6. Turning an idea into a sustainable reality requires a fundamental understanding of business, but the frameworks that guide business principles overlap, complement, and enhance design principles. This course seeks to educate students to understand business as a critical design factor- a defining constraint or liberating perspective along the same lines that other design principles are taught. The guiding principle is that design and business are inextricably linked: Design work is intrinsically linked to business and will always be at the service of business, fulfilling the need for an enterprise (profit or non-profit) whose business model is critical to its survival. Design will find new channels, new outlets, through a more complete understanding of business needs and how businesses see opportunity. Design can and should be considered as critical strategic input for business. The objective of Business Principles: Design and Entrepreneurship is for students to understand basic business vocabulary, to explore how design vocabulary and design processes overlap, complement and enhance business vocabulary, and to understand how design thinking skills can be used to identify and execute business opportunities. Major elective; ID majors only Open to Industrial Design undergraduate students in Fall 2022. Open to non-majors pending seat availability and permission of instructor. Open to Industrial Design graduate-level students in Spring 2023. Open to non-majors pending seat availability and permission of instructor.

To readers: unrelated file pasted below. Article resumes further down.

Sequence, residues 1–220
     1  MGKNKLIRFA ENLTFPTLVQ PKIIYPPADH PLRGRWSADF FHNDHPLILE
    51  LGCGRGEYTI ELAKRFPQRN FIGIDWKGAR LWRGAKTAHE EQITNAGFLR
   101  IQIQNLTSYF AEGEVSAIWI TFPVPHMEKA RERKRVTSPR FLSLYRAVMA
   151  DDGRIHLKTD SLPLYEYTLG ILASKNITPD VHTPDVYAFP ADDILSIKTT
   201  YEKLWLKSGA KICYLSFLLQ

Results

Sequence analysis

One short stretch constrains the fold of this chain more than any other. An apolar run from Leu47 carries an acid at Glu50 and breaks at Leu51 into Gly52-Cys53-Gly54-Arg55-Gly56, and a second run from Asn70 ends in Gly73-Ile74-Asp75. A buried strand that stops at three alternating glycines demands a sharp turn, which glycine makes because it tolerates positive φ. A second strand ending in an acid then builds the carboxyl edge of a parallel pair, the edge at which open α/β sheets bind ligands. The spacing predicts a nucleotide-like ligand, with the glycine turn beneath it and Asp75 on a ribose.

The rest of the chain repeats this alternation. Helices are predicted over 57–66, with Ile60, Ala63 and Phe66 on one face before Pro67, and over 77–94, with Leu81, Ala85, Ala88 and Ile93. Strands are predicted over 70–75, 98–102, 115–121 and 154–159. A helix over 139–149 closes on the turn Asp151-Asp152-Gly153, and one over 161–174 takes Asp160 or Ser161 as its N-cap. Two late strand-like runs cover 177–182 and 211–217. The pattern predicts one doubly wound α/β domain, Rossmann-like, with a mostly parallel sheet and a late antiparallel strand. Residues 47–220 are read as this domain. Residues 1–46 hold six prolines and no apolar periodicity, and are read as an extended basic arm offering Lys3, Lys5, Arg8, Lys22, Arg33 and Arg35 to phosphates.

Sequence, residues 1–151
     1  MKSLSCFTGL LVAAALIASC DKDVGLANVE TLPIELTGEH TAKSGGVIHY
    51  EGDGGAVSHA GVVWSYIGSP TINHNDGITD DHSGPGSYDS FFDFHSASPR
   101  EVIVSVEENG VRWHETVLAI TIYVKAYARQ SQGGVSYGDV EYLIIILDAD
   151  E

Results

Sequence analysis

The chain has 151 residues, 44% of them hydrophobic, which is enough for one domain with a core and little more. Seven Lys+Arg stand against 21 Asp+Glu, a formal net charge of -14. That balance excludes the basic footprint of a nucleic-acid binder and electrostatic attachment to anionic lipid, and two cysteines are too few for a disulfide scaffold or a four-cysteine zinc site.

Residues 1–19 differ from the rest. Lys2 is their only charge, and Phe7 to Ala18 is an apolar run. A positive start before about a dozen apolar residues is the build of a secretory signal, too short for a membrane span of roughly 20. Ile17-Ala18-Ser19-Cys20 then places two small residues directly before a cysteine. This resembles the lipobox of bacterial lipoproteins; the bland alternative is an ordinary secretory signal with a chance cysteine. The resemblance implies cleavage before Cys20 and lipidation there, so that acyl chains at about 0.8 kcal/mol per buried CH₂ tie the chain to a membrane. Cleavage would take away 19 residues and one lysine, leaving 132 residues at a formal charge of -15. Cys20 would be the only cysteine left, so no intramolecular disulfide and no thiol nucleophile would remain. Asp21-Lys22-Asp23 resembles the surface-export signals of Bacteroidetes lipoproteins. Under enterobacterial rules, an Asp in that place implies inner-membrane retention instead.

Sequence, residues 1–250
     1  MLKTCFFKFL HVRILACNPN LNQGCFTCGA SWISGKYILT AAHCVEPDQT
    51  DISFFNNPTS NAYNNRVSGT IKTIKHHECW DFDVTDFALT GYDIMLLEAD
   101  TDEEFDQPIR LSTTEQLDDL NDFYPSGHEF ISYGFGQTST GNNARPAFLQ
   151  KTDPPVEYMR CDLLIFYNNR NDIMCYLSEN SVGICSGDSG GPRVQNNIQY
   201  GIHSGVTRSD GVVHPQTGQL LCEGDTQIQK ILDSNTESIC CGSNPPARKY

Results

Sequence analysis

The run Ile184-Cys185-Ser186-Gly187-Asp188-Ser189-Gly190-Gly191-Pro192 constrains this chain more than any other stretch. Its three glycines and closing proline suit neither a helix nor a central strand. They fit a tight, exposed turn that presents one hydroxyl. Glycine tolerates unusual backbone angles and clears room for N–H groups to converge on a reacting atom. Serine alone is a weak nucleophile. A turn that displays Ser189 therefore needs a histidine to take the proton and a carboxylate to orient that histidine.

7. A Collaborative Study Project (CSP) allows a team of students to work collaboratively to complete a faculty supervised project of independent study. Usually, a CSP is supervised by two faculty members, but with approval it may be supervised by one faculty member. Its purpose is to meet individual student needs by providing an alternative to regularly offered courses, though it is not a substitute for a course if that course is regularly offered. Permission of Academic Advisor and Department Head is required in advance of posted Registrar's deadline. GPA of 3.0 or higher is required. Register by completing the Collaborative Study Application available on the Registrar's website.